Now, I want to share with you all another little trick we use with our kids here at our house. You see, I don't believe that band-aids are feel better stickers. They are far to expensive to be wasting, so unless I see blood, you don't get one. You can, however; have an icepack.
Except, free ice in a bag is messy and too cold for little boo-boos. Keeping small bags of peas doesn't really work for us as we cook frozen peas often, and finding peas that a child took to bed with them and time forgot when they worked their way under the bed is really not fun. The cute gel packs are nice, but they can freeze solid or break open, especially when a little teether uses one for biting. Instead we use a little trick I learned when our oldest daughter entered daycare.
These simple reusable, kid friendly ice packs only need three things:
|A soap-free sponge|
|A zip lock bag (we use sandwich bag size)|
|~1 Tablespoon of water|
When we first made these, I had trouble finding sponges that didn't have soap in them so if you have the same problem, the preparation is slightly different as getting the soap out of the sponge takes a bit of effort (if you worry about the icepack getting bit, getting the soap out may be a priority for you as it was for me.) In which case you will have a wet sponge and can avoid adding additional water.
So to assemble you simply cut sponges in half, add the water until it's fully absorbed and the sponge isn't really wet. If you don't want to measure water, get the sponge wet and squeeze out all the water that you can. Seal the damp sponge in the zip lock bag and place in the freezer.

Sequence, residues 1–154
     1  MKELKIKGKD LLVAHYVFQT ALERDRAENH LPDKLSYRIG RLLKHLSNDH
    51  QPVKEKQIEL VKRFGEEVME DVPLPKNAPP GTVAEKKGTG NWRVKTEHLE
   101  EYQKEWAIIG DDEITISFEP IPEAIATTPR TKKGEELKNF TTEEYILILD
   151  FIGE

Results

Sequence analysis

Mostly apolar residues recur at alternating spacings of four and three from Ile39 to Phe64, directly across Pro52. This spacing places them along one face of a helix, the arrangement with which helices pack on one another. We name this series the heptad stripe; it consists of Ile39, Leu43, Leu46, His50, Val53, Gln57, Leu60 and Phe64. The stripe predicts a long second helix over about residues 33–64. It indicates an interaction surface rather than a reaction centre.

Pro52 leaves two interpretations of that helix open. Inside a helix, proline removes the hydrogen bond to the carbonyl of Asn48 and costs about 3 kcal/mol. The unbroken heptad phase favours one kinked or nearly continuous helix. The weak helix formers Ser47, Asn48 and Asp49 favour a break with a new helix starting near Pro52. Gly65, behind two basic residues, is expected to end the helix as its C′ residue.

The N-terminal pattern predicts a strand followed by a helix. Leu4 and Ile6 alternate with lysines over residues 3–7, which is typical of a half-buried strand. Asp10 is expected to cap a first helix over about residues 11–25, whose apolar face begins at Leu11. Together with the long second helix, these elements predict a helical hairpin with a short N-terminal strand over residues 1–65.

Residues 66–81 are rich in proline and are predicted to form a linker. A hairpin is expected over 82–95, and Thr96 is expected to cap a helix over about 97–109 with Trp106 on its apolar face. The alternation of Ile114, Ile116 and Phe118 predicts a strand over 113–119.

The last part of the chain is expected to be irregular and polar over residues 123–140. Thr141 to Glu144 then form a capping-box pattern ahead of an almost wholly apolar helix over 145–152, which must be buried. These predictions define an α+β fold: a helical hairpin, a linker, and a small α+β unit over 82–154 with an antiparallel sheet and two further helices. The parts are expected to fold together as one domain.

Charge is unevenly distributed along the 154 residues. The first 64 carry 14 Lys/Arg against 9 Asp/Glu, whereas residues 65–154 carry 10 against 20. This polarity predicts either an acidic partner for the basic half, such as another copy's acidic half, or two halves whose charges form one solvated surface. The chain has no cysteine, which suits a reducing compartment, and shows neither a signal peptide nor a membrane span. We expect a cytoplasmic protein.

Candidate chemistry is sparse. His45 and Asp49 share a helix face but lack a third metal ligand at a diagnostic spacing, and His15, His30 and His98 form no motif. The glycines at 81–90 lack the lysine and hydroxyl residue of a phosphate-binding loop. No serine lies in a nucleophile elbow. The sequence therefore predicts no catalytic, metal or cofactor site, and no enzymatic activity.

In our family, we have a bottom freezer and we keep a row of these colorful ice packs in the door rack so that the children can clear their own tears or help an injured family member (not always a sibling, the kids have brought me many an ice pack too!) to get the comfort of a soft, mailable, and cool ice pack that is safe to be placed directly on the skin.
If your ice pack is too cold, when it thaws, remove some water by squeezing. If it's not cold enough, add a little water to the sponge, they do dry out over time, and the bags wear out and need to be replaced over time. Still, we made the first packs in 2006 and still have about 3 still in circulation. Tonight we made 6 more.
As a change this time I had the kids make them. I cut the sponges, but gave all the supplies to my 6 and 3 year olds. My husband got them some water and a measuring shot glass and showed them the Table spoon line. They had wonderful fun making new ice packs, practicing their measuring, and figuring out the best way to get their halves of sponge to absorb the water.